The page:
Sunday, July 15, 2012

The Wait. Part 3


It is common to offer analogies between adoption and the more typical way of having children, sometimes known as "home grown".  Here is my shorthand:

Applying to agencies/homestudy = Trying to get pregnant.

Waiting for a referral/match with birthmother = Pregnancy. Sometimes a very looooong one.

Referral/match with birthmother = Yeah! Sonogram! It's a boy/girl!

The Moment of meeting your child = Yeah! Super 4D Sonogram! (ok, this is a stretch)

The Flight Home = Childbirth. (painful, long and involving way too many bodily fluids)

Some day I'll tell you all about our flight home from Ethiopia, but like childbirth stories, really only people who have recently gone through it, or are about to go through it, will want to read about it.

I've already written about how the Third Wait is the toughest.  It is also the one with no analogy in the "normal" world.  Hence the difficulty.

The other thing way in that adoption differs from most pregnancies is that it is extremely unpredictable. Most pregnancies and child birth stories are pretty much the same, except in the thankfully uncommon dramatic cases.  Excuse me, veteran mamas from the ChildBirth Wars,  but after a while they all sound the same.  And, I LOVE to hear childbirth stories. No, really. :)

Adoptions... oh boy. They are all over the map. Each step can take either days or weeks or years. Each step involves multiple decisions that can take you in multiple directions. It's a "Choose Your Own Ending" story, only, it's your life. Domestic? Foster? Private? Infant? Child? International? Which country? Special Needs? Siblings? Boys? Girls?

One of the reasons Andrew and I choose to do an Ethiopian adoption is that, when we started in 2009, that country had a simple, easy, straightforward, predictable process that would be about a year long.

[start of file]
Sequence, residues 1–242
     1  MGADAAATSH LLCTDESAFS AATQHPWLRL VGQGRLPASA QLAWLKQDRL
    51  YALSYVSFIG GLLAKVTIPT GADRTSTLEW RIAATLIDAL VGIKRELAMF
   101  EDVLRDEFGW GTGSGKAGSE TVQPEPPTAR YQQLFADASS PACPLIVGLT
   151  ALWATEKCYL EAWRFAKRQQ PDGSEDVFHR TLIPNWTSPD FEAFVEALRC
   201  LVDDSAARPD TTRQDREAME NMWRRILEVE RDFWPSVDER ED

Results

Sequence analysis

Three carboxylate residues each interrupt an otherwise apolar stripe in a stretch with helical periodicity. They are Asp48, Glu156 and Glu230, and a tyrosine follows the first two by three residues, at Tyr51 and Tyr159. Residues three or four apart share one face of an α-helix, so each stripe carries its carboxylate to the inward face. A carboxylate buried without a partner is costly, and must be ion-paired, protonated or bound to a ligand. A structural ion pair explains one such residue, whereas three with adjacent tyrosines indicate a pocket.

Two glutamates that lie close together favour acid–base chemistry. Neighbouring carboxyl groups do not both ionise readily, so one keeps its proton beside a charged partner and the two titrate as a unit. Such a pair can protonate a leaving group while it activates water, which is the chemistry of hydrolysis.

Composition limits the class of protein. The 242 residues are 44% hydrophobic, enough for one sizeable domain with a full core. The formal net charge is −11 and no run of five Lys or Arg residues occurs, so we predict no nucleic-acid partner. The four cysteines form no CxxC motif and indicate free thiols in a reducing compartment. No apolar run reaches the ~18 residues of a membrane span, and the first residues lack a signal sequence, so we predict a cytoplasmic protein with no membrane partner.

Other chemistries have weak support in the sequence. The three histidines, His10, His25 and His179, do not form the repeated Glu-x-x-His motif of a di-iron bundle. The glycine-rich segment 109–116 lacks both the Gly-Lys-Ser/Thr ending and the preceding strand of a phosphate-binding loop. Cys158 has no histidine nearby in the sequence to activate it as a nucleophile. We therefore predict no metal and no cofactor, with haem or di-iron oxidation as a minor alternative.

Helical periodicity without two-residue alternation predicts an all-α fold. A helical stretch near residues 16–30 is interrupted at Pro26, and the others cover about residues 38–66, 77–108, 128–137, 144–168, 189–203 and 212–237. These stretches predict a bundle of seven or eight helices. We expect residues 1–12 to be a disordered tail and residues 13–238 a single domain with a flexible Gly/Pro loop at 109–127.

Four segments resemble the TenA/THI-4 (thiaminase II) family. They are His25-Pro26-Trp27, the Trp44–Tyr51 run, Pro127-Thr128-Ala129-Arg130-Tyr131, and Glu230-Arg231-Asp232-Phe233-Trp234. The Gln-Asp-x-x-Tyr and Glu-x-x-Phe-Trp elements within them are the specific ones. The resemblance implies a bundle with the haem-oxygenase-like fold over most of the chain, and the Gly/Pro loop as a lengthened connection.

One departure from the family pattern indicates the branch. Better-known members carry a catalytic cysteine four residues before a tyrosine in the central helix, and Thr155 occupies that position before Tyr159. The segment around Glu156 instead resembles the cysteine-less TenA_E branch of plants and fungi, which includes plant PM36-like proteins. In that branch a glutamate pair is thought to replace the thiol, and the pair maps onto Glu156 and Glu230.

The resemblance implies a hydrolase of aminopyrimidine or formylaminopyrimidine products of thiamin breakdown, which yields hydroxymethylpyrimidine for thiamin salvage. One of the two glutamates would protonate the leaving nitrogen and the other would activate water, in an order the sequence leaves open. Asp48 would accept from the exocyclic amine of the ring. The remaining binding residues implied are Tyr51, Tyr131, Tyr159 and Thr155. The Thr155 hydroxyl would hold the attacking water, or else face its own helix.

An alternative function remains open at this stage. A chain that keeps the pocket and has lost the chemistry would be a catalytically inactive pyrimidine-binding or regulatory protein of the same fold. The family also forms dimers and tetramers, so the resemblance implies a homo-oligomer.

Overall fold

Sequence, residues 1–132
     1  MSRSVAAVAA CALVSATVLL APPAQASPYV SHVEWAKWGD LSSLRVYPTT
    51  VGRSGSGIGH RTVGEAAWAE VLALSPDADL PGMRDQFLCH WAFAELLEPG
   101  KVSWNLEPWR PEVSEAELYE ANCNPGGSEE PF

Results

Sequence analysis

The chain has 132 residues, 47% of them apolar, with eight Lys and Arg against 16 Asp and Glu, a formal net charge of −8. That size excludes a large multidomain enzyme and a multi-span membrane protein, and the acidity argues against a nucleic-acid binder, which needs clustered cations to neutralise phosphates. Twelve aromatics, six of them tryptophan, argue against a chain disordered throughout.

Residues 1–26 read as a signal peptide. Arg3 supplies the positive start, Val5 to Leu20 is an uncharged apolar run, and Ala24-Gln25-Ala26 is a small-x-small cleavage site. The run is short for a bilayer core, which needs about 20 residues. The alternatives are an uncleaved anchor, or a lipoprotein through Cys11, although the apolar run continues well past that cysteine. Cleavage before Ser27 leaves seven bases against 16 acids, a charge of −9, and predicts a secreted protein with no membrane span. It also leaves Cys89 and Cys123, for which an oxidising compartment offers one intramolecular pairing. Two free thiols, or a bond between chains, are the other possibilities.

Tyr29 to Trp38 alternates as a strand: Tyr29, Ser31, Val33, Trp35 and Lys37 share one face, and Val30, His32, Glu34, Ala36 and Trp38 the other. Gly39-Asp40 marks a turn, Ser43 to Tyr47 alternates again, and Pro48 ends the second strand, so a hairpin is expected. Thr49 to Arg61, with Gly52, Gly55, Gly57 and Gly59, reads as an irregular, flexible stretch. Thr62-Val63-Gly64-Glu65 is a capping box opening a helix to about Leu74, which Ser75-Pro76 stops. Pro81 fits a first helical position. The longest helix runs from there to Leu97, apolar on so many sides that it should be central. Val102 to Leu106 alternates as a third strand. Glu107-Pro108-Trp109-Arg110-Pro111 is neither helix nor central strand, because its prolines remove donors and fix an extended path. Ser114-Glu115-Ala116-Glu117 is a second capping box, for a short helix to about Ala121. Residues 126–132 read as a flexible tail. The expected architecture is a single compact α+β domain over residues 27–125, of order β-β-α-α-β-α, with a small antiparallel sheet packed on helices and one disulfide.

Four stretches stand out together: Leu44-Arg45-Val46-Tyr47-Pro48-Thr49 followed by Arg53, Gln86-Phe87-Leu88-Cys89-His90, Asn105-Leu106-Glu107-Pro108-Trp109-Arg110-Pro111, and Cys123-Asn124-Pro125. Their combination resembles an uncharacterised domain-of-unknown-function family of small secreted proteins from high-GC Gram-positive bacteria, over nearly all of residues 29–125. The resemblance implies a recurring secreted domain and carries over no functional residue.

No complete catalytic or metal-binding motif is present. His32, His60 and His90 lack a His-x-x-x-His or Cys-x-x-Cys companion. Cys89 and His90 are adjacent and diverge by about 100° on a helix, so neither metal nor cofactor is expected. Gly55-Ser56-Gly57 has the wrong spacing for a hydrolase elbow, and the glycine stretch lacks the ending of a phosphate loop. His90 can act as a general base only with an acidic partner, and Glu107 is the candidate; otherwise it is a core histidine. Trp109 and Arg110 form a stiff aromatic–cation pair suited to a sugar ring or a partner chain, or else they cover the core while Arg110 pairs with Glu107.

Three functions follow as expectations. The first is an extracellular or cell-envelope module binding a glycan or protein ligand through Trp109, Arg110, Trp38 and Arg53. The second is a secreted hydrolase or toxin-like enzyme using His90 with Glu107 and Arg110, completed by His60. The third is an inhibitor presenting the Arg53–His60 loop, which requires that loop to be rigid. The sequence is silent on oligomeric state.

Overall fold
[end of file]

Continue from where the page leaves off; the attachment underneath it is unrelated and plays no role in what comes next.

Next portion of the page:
Mwah, ha, ha, ha, ha, ha, ha!

There are all kinds of reasons why none of that was true. Some good reasons. (Ethiopia started paying more attention to international adoption and scrutinizing the process more carefully.) Some not so good. (So many folks wanted "easy" adoptions that Ethiopia became a target for corruption.)

In the end, we have beautiful Daniel and Lily.

In the middle, holy hell. Unpredictable! At first it was just paperwork hiccups.  One agency needed a letter from a therapist I saw 10 years ago, saying I wasn't, in fact, crazy.  (Or, I wasn't 10 years ago.)  We changed our age range and needed to read more articles and have more conversations with multiple social workers and attend an extra class.  Because that TOTALLY prepared us for adopting a 5 year old boy. Uh-huh.

We had it pretty easy, though, and got a referral very quickly.  We were all set to fly to Ethiopia and bring them home! Then. The one trip process became a two trip process. The time between the two trips doubled, then got longer, then became, "too difficult to predict".  Some bureaucrat in Ethiopia who was supposed to process a big pile of letters started only doing 5 a day.  One day in March I checked our email and found a notice from our agency that said, in effect, "We have no idea when you'll be able to bring your children home, but it could be next year. "  I cried all day.

That day in April, in Ethiopia when we finally met the judge, and she finally said, "They are yours," I had to ask our translator/social worker to say it again about 5 times before I believed it.

At this point, there is just a trickle of adoptions being finalized in Ethiopia.  Newer programs are being started in other poor countries in Africa.  Other new-to-adoption couples are hoping for a simple, quick, predictable adoption and are learning just like we did that simple, predictable adoptions are unicorns.

I don't recommend the Ethiopia program to people who ask me for advice. The two of them, that is.  (I do recommend adoption though.)  However unpredictable and complicated the process is, it is beautiful, and it will teach you many things about yourself and the world.  And it will prepare you for parenting, which is the most unpredictable, complicated and beautiful thing of all.

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